Thursday June 13, 2024

Sea-based nuclear weapons

By Muhammad Azam Khan  
January 08, 2018

“The United States must maintain the credible deterrence and assurance capabilities provided by our nuclear Triad –” -US National Security Strategy, December 2017, pp 30 

Some scholars and think tanks in Pakistan are currently questioning the efficacy of placing nuclear weapons at sea. ‘The entire calculus that secure second strike capability is vital for effective deterrence lacks empirical grounding’; ‘even a small risk of retaliation is enough’, it is claimed. The reasoning advanced by these voices unwittingly play into the hands of Indian strategic lobby. New Delhi is currently aggressively campaigning that there are inherent risks in Pakistan’s sea-based deterrent. The discussion comes in the wake of India maturing sea-based component of the triad residing in ballistic missile carrying nuclear submarine, Arihant.  

The history of nuclear triad, nuclear weapon delivery means via air, land, or sea, dates back to late 1940s. At the time, the military strategy of the United States was dominated by Air force which had the strategic bombers. This was then the only delivery system. The arrangement suited the political leadership since it prevented the need for building a costly navy or maintaining large army. The model, however, became contentious soon after USSR turned into a nuclear power in 1949.  Numerous studies pointed to the vulnerability of land-based strategic forces. While army and air force each had their proponents, for navy the lone voice came from Admiral Arleigh Burke, a battle-decorated Chief of Naval Operations (CNO) whose combat exploits against Japanese naval forces in the South Pacific made him the US Navy's most celebrated naval commander of World War II. He served in both, Eisenhower and Kennedy administrations.

 Admiral Burke strongly advanced the development of a strategic weapon system based on submarines. But no sooner had he done so, Burke was accused of ‘improper conduct and of trespassing missions assigned to Air force’. Naval leadership was none the less unrelenting. Admiral James Watkins, who later became 22nd US naval chief (CNO) in June 1982 and at the height of cold war, was amongst the most authoritative voices on the subject. He vehemently questioned the United States theory behind constancy and apportionment of large defence resources on ICBMs in hardened “silos”. He believed that ICBMs were becoming increasingly vulnerable to a Soviet attack as a result of the improving accuracy of Soviet missiles.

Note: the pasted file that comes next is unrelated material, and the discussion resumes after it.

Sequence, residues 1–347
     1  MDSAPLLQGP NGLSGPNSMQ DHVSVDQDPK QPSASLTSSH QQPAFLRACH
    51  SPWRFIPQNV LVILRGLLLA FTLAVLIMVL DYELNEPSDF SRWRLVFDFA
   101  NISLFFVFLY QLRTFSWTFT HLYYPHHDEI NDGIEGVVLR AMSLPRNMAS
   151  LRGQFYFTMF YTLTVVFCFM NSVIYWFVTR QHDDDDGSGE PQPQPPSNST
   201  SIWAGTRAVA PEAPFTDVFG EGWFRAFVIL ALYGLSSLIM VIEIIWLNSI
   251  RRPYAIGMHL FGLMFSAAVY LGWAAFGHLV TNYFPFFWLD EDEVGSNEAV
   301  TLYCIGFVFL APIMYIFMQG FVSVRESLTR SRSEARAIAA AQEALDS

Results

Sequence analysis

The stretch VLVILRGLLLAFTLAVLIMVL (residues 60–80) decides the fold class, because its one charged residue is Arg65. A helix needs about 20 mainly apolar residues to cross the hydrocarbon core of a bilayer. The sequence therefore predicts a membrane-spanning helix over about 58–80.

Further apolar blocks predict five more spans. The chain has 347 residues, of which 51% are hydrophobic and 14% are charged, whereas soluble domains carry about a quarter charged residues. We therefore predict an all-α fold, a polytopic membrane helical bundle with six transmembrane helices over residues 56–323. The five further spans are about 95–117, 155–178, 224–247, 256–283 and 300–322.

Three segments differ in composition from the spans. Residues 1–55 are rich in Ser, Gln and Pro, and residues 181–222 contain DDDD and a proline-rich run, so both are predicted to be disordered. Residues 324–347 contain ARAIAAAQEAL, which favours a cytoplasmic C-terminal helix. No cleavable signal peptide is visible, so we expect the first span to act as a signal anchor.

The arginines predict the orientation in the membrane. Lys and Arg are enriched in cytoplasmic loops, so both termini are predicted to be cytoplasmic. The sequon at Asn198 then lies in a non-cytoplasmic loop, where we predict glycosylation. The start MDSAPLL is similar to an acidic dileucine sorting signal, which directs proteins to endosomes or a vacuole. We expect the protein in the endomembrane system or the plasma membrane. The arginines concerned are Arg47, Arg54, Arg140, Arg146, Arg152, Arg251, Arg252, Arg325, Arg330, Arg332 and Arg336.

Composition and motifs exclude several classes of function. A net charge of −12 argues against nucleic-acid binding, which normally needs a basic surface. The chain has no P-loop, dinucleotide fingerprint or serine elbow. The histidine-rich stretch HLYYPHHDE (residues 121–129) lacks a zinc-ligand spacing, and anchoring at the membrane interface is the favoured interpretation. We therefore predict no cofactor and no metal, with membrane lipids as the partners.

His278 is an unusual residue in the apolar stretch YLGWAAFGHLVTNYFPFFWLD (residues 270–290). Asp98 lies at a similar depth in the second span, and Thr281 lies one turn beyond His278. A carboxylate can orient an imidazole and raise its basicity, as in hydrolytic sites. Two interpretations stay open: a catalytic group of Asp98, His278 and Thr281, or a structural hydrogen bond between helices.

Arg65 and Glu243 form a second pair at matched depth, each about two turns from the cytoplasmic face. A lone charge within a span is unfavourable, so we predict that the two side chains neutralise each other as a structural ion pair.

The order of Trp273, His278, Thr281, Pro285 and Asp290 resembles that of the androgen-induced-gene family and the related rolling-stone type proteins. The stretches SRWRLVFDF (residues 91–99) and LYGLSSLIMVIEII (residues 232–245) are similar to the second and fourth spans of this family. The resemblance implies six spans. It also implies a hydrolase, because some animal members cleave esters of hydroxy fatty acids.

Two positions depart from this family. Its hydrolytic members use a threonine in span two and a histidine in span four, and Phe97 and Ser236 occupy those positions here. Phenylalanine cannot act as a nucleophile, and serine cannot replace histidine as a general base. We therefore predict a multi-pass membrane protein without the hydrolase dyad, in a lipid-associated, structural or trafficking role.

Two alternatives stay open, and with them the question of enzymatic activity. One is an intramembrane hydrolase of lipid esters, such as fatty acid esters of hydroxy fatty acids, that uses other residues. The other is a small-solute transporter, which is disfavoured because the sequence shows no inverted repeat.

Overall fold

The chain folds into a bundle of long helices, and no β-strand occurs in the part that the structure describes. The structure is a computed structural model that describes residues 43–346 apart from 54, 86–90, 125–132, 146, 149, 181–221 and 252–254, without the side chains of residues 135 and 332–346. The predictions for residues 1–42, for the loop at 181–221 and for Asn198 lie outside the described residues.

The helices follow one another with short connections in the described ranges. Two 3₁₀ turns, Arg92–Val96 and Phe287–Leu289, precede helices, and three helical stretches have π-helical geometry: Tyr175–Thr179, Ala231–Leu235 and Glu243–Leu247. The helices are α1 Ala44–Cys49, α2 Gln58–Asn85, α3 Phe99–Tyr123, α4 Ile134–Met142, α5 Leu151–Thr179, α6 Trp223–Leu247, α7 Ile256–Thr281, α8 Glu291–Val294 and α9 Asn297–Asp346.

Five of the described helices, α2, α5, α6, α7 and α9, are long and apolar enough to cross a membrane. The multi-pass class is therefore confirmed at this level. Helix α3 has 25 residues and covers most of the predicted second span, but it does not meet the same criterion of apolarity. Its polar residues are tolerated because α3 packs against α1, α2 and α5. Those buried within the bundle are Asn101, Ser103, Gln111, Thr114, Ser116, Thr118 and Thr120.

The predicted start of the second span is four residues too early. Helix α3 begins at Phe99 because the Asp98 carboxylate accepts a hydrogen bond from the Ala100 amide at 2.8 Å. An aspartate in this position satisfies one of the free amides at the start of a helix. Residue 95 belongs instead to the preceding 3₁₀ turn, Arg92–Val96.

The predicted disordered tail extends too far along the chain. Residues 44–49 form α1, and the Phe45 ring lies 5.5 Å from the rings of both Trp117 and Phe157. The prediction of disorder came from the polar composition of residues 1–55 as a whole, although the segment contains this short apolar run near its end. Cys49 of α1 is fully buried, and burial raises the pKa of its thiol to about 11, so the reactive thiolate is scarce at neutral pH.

A comprehensive insight on the fundamentals of deterrence and alternative weapon systems by naval leadership finally compelled the United States to shift strategic focus from land to sea. From “massive retaliation” during the Eisenhower administration, it morphed to “flexible response” in Kennedy era. By the beginning of Reagan term, the concept of triad was firmly in place. The susceptibility of land based strategic weapons was, nonetheless, never resolved. Many design alterations proved futile on the geographical truth that such a basing mode could not move or even if it could, required a foot print too large to be practical. Unless used to preempt (first strike), every land based force has to rely on a warning system and short-fused command and control arrangements to “launch under attack”. Successive studies of various alternatives through the 1960s and 70s all demonstrated the survivability of the sea based system. 

One particular fallacy advanced by senior US army leadership was ‘that deterrence does not rely on speed of response but on surety of weapons and will’. This was an apparent reference to the difficulty the command authority may encounter in communicating with a submarine during crisis. Independent studies in US since 1987 have, however, determined that communications to submarines are as reliable and efficient as those to ground based forces. Of some 15,000 nuclear warheads in possession of nine countries today, nearly 30 to 35 per cent are believed to be sea- based.

The Indian lobby maintains that sea-based weapons in the ‘India-Pakistan dyad can aggravate crisis stability’- ‘a net negative for its (Pakistan’s) overall security’. With peace time locations of Pakistani submarines well known, this may tempt India to attack first as crisis begin, it is alleged. Sea- basing of such weapons will furthermore present unique command and control challenges to Pakistan with greater possibility of theft and sabotage than land based forces. It is also conjectured that ‘introduction of Submarine Launched Cruise Missiles (SLCMs) onboard submarines would necessitate erosion of some of the safeguards employed by country’s National Command Authority (NCA) like, ‘dissembled storage, separation of triggers, de-mated storage’ etc. Also, Very Low Frequency (VLF) station, in case one exists, would be principal target of India to disrupt communications between NCA and submarines. Finally, it is speculated that with its known sites, at Karachi and Ormara, ‘militants with an eye on Pakistan’s nuclear weapons may find no better target than sea based nuclear weapons and delivery systems with fewer physical safeguards’.